FREEDOM OF INFORMATION COMMISSION
OF THE STATE OF CONNECTICUT
In the Matter of a Complaint by FINAL DECISION
Paul E. Stern, Rhonda Stearley and the Journal Inquirer,
against Docket #FIC 86-72
Speaker of the House of Representatives,
Respondent June 11, 1986
The above-captioned matter was heard as a contested case on April 3, 1986, and on May 13, 1986, at which time the complainants and the respondent appeared and presented testimony, exhibits and argument on the complaint.
After consideration of the entire record, the following facts are found:
1. The respondent is a public agency within the meaning of 1-18a(a), G.S.
2. By letter dated March 7, 1986, the complainants requested a copy of a summary of data obtained by the respondent as a result of a survey of members of the Connecticut bar concerning the judges of the Superior Court.
3. By letter dated March 11, 1986, the respondent noted that he had released the summary of data pertaining to judges who were being considered for reappointment in 1986, but he refused to release the summary of data obtained on the judges who were not being considered for reappointment in 1986.
4. The respondent claimed that the records which he withheld were exempt from disclosure under 1-19(b)(1) and 1-19(c)(1), G.S.
5. The record sought by the complainant was a summary of a poll devised by the respondent to obtain information about the performance of judges who were to be considered for reappointment.
6. The record sought by the complainant was compiled to summarize a survey of opinions in 1986 by approximately 1,500 members of the Connecticut bar.
Docket #FIC 86-72 Page Two
7. The qualities of the individual judges evaluated included judicial integrity, demeanor, diligence, caseflow management, familiarity with current law, soundness of written rulings, and worthiness for retention.
8. The evaluations had been compiled in a numerical format for all judges and those with the least favorable ratings were reviewed by the respondent to determine which of them were up for reappointment in 1986.
9. Those who were up for reappointment in 1986 were subjected to further evaluation to determine whether they should be reappointed.
10. Section 1-19(b)(1), G.S., provides an exemption from disclosure for preliminary drafts or notes provided the public agency has determined that the public interest in withholding such documents clearly outweighs the public interest in disclosure.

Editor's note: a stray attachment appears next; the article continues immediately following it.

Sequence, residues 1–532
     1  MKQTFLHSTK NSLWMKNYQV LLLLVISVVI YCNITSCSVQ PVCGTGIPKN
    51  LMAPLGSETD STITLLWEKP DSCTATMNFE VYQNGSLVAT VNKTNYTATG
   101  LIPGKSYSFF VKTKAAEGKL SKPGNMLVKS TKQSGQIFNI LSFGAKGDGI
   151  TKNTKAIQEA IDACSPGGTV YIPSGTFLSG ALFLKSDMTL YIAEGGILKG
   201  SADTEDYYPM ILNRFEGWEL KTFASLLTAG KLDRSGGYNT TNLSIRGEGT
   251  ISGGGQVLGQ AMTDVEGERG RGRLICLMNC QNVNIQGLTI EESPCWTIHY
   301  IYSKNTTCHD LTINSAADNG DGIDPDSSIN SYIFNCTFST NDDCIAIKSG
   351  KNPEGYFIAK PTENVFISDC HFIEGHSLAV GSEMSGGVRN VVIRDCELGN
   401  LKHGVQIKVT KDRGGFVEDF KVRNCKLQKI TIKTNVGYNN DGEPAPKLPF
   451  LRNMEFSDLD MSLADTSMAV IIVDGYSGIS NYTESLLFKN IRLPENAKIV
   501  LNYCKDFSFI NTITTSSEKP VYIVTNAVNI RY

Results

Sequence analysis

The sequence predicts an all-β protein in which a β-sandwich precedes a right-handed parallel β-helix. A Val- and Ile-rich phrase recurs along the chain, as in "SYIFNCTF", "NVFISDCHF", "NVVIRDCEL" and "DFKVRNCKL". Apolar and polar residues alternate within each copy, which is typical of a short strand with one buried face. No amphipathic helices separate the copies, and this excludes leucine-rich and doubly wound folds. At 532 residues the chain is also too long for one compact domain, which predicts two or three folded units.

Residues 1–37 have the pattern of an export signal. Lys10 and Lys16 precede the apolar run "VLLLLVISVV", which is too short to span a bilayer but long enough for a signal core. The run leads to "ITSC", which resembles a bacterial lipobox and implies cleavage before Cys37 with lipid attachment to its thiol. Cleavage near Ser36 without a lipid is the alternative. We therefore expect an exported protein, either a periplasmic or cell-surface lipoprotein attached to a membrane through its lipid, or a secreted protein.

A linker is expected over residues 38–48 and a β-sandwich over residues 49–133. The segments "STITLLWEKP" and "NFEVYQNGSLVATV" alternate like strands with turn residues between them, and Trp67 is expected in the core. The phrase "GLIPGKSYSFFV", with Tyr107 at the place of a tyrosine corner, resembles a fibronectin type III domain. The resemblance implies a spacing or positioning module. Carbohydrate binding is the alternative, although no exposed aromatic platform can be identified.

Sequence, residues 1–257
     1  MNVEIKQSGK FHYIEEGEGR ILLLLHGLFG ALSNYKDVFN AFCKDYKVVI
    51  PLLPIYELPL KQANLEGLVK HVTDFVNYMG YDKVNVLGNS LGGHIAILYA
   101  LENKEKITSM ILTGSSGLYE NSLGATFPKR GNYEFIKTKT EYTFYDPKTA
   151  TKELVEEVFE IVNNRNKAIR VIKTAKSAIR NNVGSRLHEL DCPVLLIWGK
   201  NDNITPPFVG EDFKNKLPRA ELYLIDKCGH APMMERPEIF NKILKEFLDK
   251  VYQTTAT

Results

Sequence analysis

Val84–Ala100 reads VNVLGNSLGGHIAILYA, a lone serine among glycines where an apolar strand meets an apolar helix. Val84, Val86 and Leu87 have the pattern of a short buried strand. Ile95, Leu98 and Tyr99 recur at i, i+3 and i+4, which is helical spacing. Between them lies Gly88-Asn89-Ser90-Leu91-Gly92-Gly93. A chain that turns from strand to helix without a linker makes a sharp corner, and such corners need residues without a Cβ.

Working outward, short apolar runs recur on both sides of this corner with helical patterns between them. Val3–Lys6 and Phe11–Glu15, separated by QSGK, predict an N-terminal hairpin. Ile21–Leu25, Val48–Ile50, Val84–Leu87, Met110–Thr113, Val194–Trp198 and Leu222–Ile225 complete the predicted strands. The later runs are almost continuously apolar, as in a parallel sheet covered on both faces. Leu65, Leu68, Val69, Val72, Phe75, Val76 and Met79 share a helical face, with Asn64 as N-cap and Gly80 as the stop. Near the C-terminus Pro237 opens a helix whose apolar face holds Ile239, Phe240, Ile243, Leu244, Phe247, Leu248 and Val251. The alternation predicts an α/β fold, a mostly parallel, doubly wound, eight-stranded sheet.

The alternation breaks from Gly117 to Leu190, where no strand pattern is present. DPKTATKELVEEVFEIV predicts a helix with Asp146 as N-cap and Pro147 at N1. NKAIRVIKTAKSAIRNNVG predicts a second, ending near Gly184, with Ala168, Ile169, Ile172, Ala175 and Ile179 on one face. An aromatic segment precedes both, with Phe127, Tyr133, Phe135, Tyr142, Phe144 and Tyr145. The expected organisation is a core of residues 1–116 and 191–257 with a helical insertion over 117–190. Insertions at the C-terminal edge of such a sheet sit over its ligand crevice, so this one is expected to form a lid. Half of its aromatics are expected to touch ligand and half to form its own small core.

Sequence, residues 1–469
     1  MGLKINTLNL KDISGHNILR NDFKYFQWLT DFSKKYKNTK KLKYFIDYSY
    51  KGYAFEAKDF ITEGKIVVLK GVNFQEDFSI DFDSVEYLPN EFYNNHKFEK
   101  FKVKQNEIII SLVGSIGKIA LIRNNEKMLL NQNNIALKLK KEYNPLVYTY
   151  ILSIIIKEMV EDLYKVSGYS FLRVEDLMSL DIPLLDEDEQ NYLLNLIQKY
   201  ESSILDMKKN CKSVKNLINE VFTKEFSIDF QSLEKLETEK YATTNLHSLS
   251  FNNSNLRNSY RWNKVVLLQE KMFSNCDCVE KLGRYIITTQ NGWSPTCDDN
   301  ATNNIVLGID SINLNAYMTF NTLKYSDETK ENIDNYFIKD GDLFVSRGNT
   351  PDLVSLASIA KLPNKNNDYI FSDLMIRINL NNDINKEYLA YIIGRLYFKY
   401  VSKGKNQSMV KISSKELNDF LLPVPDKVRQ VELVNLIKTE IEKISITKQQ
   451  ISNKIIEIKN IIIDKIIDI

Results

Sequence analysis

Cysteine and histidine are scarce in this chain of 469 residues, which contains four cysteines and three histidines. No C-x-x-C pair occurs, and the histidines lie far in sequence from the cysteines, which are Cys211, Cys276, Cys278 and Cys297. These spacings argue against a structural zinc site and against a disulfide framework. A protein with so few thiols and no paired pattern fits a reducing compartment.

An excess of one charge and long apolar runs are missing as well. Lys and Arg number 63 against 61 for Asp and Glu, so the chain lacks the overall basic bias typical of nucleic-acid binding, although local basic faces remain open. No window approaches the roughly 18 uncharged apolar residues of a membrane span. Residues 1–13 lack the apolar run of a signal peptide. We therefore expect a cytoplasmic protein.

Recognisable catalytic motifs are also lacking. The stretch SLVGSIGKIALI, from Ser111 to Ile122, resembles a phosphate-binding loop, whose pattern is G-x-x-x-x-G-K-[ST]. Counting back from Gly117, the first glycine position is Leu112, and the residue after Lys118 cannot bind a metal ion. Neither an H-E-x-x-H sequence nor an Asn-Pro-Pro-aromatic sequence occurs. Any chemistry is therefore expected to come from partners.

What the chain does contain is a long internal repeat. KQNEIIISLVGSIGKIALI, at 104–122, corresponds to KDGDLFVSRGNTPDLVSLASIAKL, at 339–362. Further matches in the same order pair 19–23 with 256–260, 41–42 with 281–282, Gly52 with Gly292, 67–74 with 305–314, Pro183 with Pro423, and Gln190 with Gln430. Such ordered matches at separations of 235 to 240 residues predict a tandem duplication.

11. The respondent claims that the results of the poll which pertain to judges not up for reappointment in 1986 are preliminary notes within the meaning of 1-19(b)(1), G.S., because such results will not be used to evaluate those judges when the time arrives for them to be considered for reappointment.
12. It is found that the respondent failed to prove that the results of the lawyers' survey as tabulated was either preliminary, or a note, or a draft, because although the results of a similar poll in another year might differ, the 1986 survey was a completed document.
13. The respondent claims that the public interest in withholding the results of the survey which pertains to the judges not up for reappointment outweighs the public interest in disclosure because the information will promote judge shopping, will stigmatize certain of the judges, and lead to unequal case loads in the courts.
14. The complainants argue that the public interest will be served by disclosure because the public has a right to know how the decisions on reappointment were made, and because the judges who have been evaluated would be able to improve their performance if they are provided with the results of the survey.
15. It is found that while the respondent did seriously and in good faith consider the effect upon disclosure to the public, the respondent failed to prove that the public interest in withholding such documents clearly outweighs the public interest in disclosure.
Docket #86-72 Page Three
16. Respondent further claims that the requested record is exempt under 1-19(c)(1), G.S.
17. It is found that 1-19(c) clarifies 1-19(b)(1) by clearly stating that disclosure shall not be required of a preliminary draft of a memorandum, prepared by a member of the staff of a public agency, which is subject to revision prior to submission to or discussion among the members of such agency.
18. It is found that the summary of the data pertaining to the judges is not a preliminary draft of a memorandum, prepared by a member of the staff of a public agency, which is subject to revision prior to submission to or discussion among the members of a public agency and therefore, it is not exempt under 1-19(c)(1).
The following order by the Commission is hereby recommended on the basis of the record concerning the above-captioned complaint.
1. The respondent shall provide the complainants with a copy of the data requested by them on March 7, 1986.
Approved by order of the Freedom of Information Commission at its regular meeting of June 11, 1986.
Karen J. Haggett
Clerk of the Commission